Junk food: Eating for two while Lactating leads to Obesity

College of DuPage Nursing Student Syeda Tariq researched that according to the CDC (Centers for Disease Control), at least one in five children in the US between the ages of 6 to 19 years is currently obese. The rate of childhood obesity since the 1970s has at least tripled, 1 and recent research suggests the time for prevention begins during pregnancy. Dr Stéphanie Bayol from Science Daily, found that consuming large quantities of junk food during pregnancy and/or while breastfeeding may impair normal appetite regulation and encourage the desire for junk food in the offspring. According to the CDC, an extra 300 kcal/day are recommended during pregnancy, and 500 kcal/day while breastfeeding, however, this is not the time for binge eating or consuming junk food. These temptations are relatively normal due to hormonal changes or a lack of knowledge regarding healthy food choices, but unhealthy eating at these crucial times in the child’s life may contribute to childhood obesity. Research also indicates that obesity during childhood may lead to obesity as an adult and increase the likelihood of high blood pressure, diabetes, asthma, sleep apnea, bone and joint complications, or even cancer. Obese children may also suffer from self-esteem issues resulting in social isolation, depression, or bullying.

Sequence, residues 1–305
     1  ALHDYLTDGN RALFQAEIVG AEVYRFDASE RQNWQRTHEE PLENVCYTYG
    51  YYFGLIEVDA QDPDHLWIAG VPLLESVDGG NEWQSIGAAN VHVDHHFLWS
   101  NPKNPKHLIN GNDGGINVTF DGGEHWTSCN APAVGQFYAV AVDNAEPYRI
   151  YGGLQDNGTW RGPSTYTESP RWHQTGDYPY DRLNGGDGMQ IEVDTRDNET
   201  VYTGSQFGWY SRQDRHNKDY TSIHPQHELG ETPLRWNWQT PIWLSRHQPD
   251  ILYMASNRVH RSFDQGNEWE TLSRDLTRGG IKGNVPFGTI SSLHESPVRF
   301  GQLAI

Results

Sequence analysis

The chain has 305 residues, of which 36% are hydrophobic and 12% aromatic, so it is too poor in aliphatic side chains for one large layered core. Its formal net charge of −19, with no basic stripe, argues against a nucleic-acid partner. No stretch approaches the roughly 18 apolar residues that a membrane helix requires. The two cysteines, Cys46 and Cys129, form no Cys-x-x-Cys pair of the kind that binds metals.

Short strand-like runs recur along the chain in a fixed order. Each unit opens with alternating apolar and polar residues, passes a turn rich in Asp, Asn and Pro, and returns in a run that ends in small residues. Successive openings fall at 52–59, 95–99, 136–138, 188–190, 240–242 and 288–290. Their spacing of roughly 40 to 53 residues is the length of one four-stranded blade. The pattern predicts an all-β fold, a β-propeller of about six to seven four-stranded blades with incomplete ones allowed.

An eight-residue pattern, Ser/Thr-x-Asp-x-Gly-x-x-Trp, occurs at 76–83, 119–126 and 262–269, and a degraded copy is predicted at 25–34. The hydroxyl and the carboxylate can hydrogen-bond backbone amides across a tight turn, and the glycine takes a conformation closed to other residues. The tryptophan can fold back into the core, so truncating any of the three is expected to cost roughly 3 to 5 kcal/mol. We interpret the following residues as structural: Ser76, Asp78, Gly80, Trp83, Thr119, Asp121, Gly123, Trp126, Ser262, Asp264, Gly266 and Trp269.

Therefore, eating for two is not necessarily the message to convey to pregnant mothers-too much of a good thing may no longer be good. Educating mothers about the importance of healthy eating during pregnancy and breastfeeding has long-term implications, and benefits not only the mother, but makes for healthier babies, who are our future.




Wellcome Trust. (2007, August 15). Eating Junk Food While Pregnant And Breastfeeding May Lead To Obese Offspring. ScienceDaily. Retrieved September 7, 2017 from www.sciencedaily.com/releases/2007/08/070814212154.htm


Wellcome Trust. “Eating Junk Food While Pregnant And Breastfeeding May Lead To Obese Offspring.” ScienceDaily. www.sciencedaily.com/releases/2007/08/070814212154.htm (accessed September 7, 2017).


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